Shutter Island


Scorsese’s latest work, Shutter Island, gets off to slow start, but gathers pace towards a brilliant finale. Sir Ben Kingsley lends the film an appropriate air of mystery and inscrutability, and the drama, while seemingly continuing for centuries (with a running time of almost two-and-a-half hours), eventually engages the viewer enough to want to find out what on earth is going on at this bizarre, creepy asylum.

Shutter Island’s plot surprises, but it’s in that genre of movie that makes a second viewing almost pointless. DiCaprio, in the lead role as an investigating US Marshall, does a fine job of portraying a haunted man on the brink of collapse himself, with a supporting cast that seems to focus the intensity on his growing awareness.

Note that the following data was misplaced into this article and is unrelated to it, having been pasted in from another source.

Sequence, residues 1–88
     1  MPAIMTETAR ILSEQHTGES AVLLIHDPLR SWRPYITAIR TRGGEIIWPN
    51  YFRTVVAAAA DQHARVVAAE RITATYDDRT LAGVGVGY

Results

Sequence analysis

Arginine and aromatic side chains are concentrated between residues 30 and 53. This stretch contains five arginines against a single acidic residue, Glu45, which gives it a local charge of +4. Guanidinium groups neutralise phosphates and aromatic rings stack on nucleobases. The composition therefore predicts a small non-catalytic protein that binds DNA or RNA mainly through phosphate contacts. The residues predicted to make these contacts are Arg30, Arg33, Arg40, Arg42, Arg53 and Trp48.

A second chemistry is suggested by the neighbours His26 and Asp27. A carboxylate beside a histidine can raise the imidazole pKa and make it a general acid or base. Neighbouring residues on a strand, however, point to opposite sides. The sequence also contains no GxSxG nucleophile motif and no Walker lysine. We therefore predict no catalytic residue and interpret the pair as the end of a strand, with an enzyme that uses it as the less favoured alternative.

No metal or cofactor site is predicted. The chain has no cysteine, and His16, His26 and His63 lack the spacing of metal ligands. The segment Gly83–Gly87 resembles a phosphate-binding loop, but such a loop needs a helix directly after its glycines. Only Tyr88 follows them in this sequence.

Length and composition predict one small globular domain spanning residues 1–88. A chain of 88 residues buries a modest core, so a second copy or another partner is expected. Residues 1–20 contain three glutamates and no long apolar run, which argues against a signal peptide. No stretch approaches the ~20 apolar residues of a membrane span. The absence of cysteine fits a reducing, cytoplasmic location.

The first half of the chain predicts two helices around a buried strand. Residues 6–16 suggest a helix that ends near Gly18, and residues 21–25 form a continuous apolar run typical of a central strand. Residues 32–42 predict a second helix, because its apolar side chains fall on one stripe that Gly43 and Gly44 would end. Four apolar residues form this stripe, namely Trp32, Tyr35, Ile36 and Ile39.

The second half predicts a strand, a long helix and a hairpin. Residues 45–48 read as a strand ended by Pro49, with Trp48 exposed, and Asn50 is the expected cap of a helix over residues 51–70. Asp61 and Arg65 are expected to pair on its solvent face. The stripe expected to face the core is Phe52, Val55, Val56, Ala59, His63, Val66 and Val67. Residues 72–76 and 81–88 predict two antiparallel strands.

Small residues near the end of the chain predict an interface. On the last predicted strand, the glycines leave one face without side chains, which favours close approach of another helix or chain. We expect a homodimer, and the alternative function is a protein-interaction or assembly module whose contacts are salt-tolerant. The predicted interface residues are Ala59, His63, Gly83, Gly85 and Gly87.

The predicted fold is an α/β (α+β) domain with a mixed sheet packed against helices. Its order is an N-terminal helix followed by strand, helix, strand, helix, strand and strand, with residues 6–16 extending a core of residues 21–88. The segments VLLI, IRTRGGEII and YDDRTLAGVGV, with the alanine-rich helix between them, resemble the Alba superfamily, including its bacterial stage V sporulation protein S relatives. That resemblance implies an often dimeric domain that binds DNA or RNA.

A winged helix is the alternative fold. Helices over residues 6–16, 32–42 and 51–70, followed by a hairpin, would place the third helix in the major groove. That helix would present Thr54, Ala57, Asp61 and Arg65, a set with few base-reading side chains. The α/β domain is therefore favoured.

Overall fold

We get tired of pointing this out, but the movie houses are letting all the early adopters down by failing to deliver on their promises with Blu-ray format. True to form, this disc doesn’t have any special features that don’t also appear on the DVD version of the film. And there are only two; paltry by any standards. Nevertheless, one of them is a ‘featurette’ (presumably a feature that just isn’t grown up enough to earn the non-diminutive title) called ‘Into the Lighthouse’.

The featurette is lightweight in its revelations but nonetheless reasonably interesting, with the actors and Dr James Gilligan, real-life psychiatrist and consultant, discussing how closely the film adheres to real-life psychiatric practice from the 1950s. These were the days when jamming an ice pick into a patient’s eye was considered the best way of ‘curing’ mental illness, otherwise known as a ‘trans-orbital lobotomy’, removing big chunks of the brain in the process.

The other huge bonus from Paramount is your bog-standard ‘making of’ doc, but you have to be quite the fan to sit that one out.

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